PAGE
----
Market research showed Lauck that the steep decline in the American diamond industry was down to cultural and attitudinal changes and the emergence of competitive luxury goods. His answer was to re-educate young American men to believe that not only was a diamond engagement ring a great gift of love, but was the only true gift of love.
Similarly, women had to be educated in the same way and led to the belief that only a diamond ring proved true love.
The agency developed strategic partnerships with a booming Hollywood motion picture industry and soon every film saw the matinee idol and screen siren of the day giving and receiving diamond rings. The Gables, Grants, Monroes and Hepburns of the era turned up for publicity shoots and gala events draped in De Beers diamonds.
And pretty soon every all-American girl and boy was sold on the principle that diamonds equalled love.
In Europe, the British Royal Family was similarly persuaded by Ayers to support its diamond industry with royal visits to the South African mines, where on one occasion Oppenheimer presented Queen Elizabeth with a diamond.
By 1941, sales of diamonds in America had increased by 55% and Ayers had a solid success behind them. But they weren’t about to take their foot off the gas. Instead they took the campaign up a gear and went for a slogan.
After a few early missteps, a young copywriter working late at Ayers came up with the caption A Diamond Is Forever and, beneath it, an image of a young couple on honeymoon. It was a concept of eternity, which perfectly distilled the Everyman appeal the agency had been trying to capture .
Within a year, "A Diamond Is Forever" became the official motto of De Beers and transformed the value of a small meaningless piece of carbon into arguably the most precious and valuable commodity in the world.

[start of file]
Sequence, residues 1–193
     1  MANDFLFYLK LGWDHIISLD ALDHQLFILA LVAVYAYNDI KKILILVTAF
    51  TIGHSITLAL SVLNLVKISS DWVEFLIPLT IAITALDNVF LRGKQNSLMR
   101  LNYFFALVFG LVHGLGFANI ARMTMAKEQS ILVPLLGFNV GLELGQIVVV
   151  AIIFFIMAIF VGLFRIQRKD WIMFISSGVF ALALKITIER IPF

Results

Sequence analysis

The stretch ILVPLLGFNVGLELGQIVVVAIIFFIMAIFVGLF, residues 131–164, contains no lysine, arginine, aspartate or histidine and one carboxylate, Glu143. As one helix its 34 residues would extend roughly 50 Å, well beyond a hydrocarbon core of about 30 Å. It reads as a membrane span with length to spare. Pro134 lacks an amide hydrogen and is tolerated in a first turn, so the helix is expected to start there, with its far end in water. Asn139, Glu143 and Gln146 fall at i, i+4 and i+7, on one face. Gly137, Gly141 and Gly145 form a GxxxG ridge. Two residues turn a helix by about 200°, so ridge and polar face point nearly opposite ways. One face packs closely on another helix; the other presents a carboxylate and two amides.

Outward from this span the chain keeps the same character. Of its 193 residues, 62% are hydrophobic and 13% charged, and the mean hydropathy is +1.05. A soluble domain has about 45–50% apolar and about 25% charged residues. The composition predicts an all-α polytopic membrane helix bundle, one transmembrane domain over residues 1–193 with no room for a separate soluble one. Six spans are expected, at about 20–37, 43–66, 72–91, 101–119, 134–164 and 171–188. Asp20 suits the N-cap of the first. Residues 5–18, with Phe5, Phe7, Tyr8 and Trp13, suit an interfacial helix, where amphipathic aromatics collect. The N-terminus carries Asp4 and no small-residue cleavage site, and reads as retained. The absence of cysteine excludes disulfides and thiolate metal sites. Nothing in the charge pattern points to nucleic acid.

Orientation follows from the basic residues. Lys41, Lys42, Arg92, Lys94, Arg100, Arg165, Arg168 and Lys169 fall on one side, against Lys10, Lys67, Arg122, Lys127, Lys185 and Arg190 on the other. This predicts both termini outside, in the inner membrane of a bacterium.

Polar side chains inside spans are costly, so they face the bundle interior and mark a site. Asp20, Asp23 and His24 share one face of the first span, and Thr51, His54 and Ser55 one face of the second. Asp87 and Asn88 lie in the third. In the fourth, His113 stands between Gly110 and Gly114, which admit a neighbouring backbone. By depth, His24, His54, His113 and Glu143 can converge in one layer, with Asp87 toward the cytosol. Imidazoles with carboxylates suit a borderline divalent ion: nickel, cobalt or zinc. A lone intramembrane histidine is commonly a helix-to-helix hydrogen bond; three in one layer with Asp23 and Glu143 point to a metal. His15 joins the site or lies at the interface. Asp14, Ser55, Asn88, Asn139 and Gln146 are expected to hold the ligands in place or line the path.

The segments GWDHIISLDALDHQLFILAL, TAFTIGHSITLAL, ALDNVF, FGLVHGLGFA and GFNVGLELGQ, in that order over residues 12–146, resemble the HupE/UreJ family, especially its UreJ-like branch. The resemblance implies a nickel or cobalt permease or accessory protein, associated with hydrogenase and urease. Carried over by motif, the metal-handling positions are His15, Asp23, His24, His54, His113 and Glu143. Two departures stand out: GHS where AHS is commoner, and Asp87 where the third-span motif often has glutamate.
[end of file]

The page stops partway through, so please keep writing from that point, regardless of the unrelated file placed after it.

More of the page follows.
The story doesn’t stop there, of course. De Beers understood diamonds needed to be consistently associated with luxury and desire. Over the years De Beers proved to be the most successful cartel in modern history, creating not only a retail superstructure for the diamond industry but also developing the precious stones into a solid security investment against inflation and recession.
So, what can we learn from this? Well, a few things.
If Mr. Oppenheimer hadn’t come along and decided, with a few other minds to take control of the diamond market, instead of leaving each site finder to fight for their own business, would we still find diamonds as fascinating? I doubt they would be as expensive as they are. Would they still be as demanding? Probably not. It makes you wonder though, what would we be using as an alternative to propose with?
What is certainly true is that without the cartel and without a late-working copywriter at N W Ayers, diamonds would never have been interesting enough for Ian Fleming to have used them as the central plot in a James Bond novel.
Without the novel, we’d never have had a film. And without the film, we’d never have had a character named Plenty O’Toole. And that, to my mind, would have been a great shame.
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Lewis Malka is a recognized expert in making diamond rings as well as being a famous jeweller to the stars. All his blogs are his own opinions. He is a member of the London Diamond Bourse (LDB). You can follow him daily on Facebook - Twitter - and Instagram.